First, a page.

A few years ago we visited an agent who boasted about continuous strong advertising and marketing efforts but bemoaned the lack of growth in his agency. Our consultants asked the agency for the marketing layout and the results. His “continuous strong marketing and advertising efforts” consisted of a full one page ad in the Yellow Pages.
Like many sales consultants with many years of experience under their belts, we have found that there is no “free lunch,” the IRS is NOT here to “help” us, no, he WON’T still love you in the morning --- and “Get Rich Quick” schemes in sales are a sure-fire way to spend your time and money and get little results from the efforts.
What do you do AFTER...        ...you have automated to increase efficiency...        ...you have eliminated functions and personnel...        ...you have cut your expenses to the bone......and you are still losing ground or earning less money yourself to keep the business afloat?
For many years we have criticized the common practice of price quoting as the insurance agent's primary sales method. Price is certainly important. But it’s rarely the only issue facing insurance customers and, while it is the easiest issue to address, there are often more important triggers to buying decisions than price. This article discusses means to negotiate the sale other than price.
In order to compete against the direct writers, we must direct our advertising and marketing toward the most important aspects of the clients’ insurance protection. That is, of course, integrated coverage at a fair price with CHOICES that can only be afforded by a professional that offers a variety of products and coverage options. This can be illustrated by comparing why consumers choose full service groceries over convenience stores.
We often encounter agents whose growth goals require them to penetrate new geographic territories. They open offices, hire or move employees and expect a flow of business. Unfortunately, that doesn't always happen. Here's why and what you can do about it....
Many insurance entities, both agencies and companies, simply “exaggerate” or pose vague statements about their capabilities such as “lowest rates” in an effort to attract the consumer's attention. But the few “gems” in the insurance industry actually have points of differentiation that makes their products and/or services genuinely different and better than that of their competitors.
The smartest agents train their producers to quickly identify those classifications of prospects who have no intention buying insurance from you. These prospects fall into various categories but are fairly easy to recognize if your cognizant of their personality.
Most insurance agencies would like to be driven by a regular flow of new business from their producer force. However, most agencies find that their producers spend most of their time caring for existing customers with production relegated to a secondary position. In this article, you'll learn how to establish a producer validation program to get your producers back on the production track.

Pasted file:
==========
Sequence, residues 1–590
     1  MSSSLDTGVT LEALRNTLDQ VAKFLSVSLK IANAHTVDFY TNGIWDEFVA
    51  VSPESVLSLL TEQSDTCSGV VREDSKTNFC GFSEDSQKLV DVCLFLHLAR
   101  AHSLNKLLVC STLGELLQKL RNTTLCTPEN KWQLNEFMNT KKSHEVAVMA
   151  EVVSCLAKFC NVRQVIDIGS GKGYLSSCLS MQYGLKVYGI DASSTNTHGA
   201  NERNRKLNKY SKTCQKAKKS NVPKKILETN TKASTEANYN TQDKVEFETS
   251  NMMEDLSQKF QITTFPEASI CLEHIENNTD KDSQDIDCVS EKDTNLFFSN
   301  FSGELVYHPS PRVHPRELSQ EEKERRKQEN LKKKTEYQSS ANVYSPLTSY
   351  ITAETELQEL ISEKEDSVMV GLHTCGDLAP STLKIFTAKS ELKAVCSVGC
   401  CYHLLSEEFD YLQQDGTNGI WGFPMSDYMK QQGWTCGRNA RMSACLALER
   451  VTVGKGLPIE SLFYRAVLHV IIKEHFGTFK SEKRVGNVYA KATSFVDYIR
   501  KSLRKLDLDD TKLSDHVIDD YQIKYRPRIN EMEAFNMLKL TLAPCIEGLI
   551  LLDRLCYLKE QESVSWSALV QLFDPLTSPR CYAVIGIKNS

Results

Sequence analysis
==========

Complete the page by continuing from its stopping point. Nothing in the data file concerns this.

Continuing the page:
Relationship Selling is the differentiation of you and your agency from your competitors - without considering price. Sales can be made on the basis of price. But relationships cannot be created or maintained on price. The agencies that rely on price to sell accounts will lose those accounts on the same basis at renewal or within a few years.
Once upon a time, insurance buyers who wanted auto and homeowners policies found it necessary to visit their insurance agents (or be visited by them in their homes) in order to properly insure their property and liability.  Once upon a time, you had to visit a travel agency to arrange for a vacation.  Once upon a time, the airlines had local offices to permit travelers to purchase, pay for and pick up ticket.
Most agents who call us asking how to motivate their producers to sell more and retain more clients in this soft market are concentrated on only two things: getting into more prospects and getting them quotes that beat the incumbent. No matter how often we explain how relationships develop stronger, longer lasting clients, these agents are attuned only to the ‘hunt and kill’ method of sales.
Most agents have been conditioned to be exactly what the client suspects...salespeople trying to get them to change from their current insurance program to another similar program in order for the agent to earn commission. Most agents will spend their entire careers exchanging clients with other agents as pricing changes in the companies they represent. Yet, the best agents in the country don’t work that way at all.